It’s also important to align your SPF and DKIM setups. SPF alignment ensures that the “Return-Path” domain matches the “From” domain, indicating consistency in email authentication. DKIM alignment verifies that the “d=” (domain) tag in the DKIM signature matches the “From” domain. Alignment helps reinforce the authenticity of your emails and enhances the likelihood of successful DMARC implementation. You can use our tool to check your DMARC.

Bonus Method: Brand Indicators for Message Identification (BIMI)

BIMI allows authenticated email senders to display their brand’s logo next to their emails in supported email clients.

Here’s how it works: To implement BIMI, you must meet specific requirements, including a valid DMARC record and DKIM signature. Additionally, your brand’s logo must comply with BIMI standards and be verified by the relevant authorities. Once you’ve met these criteria, you can work with email clients supporting BIMI to display your logo alongside your authenticated emails.

The impact of BIMI is twofold. First, it adds visual appeal and recognition to your emails. Just like a familiar face in a crowded room, your brand’s logo stands out, creating an immediate sense of familiarity and trust. Recipients can quickly identify your emails among the sea of messages in their inboxes, increasing the chances of your emails being opened and engaged with.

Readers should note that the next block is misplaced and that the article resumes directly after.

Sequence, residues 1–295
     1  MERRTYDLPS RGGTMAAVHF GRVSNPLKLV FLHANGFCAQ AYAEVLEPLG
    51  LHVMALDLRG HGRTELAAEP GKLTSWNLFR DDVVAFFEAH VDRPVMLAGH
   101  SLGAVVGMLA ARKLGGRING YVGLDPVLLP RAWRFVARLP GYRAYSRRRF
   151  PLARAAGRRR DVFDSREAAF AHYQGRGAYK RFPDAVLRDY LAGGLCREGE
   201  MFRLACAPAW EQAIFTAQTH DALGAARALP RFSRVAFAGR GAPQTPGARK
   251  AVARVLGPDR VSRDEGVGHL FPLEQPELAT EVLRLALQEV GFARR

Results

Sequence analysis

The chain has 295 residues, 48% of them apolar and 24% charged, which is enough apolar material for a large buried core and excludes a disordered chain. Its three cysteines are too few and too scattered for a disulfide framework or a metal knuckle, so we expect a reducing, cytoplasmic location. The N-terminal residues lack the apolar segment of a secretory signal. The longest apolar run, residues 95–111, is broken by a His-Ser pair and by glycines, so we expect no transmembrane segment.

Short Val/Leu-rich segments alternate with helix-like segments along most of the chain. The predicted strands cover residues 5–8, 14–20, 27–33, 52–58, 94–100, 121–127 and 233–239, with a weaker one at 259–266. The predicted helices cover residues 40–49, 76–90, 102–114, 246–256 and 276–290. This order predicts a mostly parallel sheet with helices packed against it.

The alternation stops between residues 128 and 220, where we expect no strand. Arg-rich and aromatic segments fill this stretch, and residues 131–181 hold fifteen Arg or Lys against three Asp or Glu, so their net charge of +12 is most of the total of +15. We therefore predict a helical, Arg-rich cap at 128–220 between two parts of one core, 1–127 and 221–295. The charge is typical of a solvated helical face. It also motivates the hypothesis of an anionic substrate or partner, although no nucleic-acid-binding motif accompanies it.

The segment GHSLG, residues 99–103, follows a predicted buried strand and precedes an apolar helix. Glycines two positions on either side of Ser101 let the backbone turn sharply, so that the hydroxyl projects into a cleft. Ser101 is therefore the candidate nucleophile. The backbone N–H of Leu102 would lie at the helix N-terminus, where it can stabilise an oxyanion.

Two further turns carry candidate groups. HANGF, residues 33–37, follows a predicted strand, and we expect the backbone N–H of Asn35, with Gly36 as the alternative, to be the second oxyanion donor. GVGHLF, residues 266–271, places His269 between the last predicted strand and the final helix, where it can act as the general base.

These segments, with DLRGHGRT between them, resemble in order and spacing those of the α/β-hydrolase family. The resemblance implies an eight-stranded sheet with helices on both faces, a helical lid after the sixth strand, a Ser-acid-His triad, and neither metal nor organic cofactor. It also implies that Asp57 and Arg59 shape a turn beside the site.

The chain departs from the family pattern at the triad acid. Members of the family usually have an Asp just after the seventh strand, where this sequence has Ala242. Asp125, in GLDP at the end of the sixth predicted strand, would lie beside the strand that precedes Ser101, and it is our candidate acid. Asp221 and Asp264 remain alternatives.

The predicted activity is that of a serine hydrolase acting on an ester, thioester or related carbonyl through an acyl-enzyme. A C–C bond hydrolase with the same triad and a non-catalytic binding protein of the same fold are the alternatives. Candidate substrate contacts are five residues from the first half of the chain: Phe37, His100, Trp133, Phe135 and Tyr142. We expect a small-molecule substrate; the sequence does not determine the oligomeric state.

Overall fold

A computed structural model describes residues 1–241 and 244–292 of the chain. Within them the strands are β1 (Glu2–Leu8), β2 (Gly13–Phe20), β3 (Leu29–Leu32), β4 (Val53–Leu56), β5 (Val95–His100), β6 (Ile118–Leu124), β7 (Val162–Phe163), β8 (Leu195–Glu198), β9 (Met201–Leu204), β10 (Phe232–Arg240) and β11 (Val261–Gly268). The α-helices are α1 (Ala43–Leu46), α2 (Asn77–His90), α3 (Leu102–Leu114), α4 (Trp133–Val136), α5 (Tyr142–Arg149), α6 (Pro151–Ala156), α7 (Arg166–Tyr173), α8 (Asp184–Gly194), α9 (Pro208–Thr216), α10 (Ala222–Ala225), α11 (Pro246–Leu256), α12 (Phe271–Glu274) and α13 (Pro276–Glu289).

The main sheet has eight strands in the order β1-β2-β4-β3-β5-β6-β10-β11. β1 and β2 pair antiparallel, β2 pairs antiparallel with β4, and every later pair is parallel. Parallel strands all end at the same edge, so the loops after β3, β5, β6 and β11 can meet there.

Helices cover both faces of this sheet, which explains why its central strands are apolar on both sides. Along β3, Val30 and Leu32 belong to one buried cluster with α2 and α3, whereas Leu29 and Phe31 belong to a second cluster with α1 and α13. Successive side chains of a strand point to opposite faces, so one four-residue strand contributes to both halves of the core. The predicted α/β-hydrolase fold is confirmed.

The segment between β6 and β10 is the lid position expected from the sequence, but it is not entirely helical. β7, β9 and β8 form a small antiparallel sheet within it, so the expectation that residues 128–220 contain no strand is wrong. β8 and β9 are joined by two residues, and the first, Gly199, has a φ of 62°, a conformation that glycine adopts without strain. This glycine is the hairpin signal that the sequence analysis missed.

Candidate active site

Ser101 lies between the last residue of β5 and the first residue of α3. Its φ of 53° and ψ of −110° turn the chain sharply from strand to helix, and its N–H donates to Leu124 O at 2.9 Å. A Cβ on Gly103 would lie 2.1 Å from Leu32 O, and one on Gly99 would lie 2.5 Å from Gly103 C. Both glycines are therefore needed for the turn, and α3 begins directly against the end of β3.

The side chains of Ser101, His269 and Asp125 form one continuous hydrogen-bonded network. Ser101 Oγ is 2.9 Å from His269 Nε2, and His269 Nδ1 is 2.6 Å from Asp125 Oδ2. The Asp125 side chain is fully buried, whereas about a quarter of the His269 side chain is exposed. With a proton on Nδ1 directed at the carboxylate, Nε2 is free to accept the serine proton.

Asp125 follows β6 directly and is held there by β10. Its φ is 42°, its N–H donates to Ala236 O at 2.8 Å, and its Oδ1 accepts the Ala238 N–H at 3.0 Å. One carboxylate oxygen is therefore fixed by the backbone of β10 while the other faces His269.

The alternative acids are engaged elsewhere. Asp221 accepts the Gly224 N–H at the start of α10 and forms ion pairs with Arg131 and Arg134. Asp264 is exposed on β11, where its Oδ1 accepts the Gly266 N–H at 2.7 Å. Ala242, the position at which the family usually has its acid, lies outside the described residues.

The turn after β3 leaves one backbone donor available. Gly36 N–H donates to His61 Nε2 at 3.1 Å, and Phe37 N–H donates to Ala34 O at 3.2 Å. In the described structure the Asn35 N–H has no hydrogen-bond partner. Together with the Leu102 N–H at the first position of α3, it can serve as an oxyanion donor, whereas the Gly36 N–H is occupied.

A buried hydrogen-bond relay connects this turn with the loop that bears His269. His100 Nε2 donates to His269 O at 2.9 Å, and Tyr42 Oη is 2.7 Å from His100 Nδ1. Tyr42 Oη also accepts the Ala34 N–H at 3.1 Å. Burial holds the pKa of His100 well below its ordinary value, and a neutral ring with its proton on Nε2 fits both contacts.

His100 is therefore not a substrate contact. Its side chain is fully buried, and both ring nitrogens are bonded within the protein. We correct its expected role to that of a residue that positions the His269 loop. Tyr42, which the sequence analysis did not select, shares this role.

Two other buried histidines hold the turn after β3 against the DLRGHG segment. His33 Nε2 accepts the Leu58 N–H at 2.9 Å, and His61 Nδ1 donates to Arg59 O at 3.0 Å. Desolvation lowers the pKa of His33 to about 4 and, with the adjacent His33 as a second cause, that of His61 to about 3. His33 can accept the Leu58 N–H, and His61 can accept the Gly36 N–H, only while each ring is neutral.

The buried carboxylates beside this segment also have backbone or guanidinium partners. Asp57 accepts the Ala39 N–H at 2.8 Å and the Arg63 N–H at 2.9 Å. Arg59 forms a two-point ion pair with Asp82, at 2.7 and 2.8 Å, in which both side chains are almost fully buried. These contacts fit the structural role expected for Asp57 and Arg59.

Secondly, BIMI reinforces your brand’s authenticity. By meeting the requirements for BIMI implementation, you’re demonstrating a commitment to email security and authentication. The presence of your logo alongside your emails serves as a powerful trust signal, assuring recipients that your emails are genuinely from your brand and have passed stringent authentication measures.

Can You Use All Four Verification Methods?

The answer depends on factors like your organization’s needs and infrastructure. You need to evaluate each protocol’s need to determine how much protection and authentication you require. For example, if your organization deals with loads of emails or handles sensitive information, going with all four email authentication tools might give you a solid defense against spoofing and phishing attacks.

Consider the compatibility and requirements of your email infrastructure. Some platforms or providers have specific guidelines or limitations for certain protocols. Ensuring compatibility and adherence to guidelines is essential for seamless integration and optimal performance.

Using all four protocols definitely ramps up your security, but weighing the benefits against potential drawbacks is essential. Having multiple protocols can make things a bit more complex and increase your administrative workload. You’ll need to stay on top of monitoring, maintenance, and coordinating between different systems. Also, remember that some email forwarding services or third-party apps might not fully support all authentication protocols, which could cause headaches with email delivery. It’s all about finding that sweet spot where security and practicality meet.

Final Thoughts

Your email campaigns are an essential part of your brand’s identity, and protecting them should be a top priority.

With email authentication protocols like SPF, DKIM, DMARC, and BIMI, you can protect your campaigns from malicious actors and give recipients additional assurance that your emails are legitimate.

Taking the time to implement them should be a no-brainer: not only will it help protect your brand from phishing and impersonation attacks, but it will also give you better deliverability rates.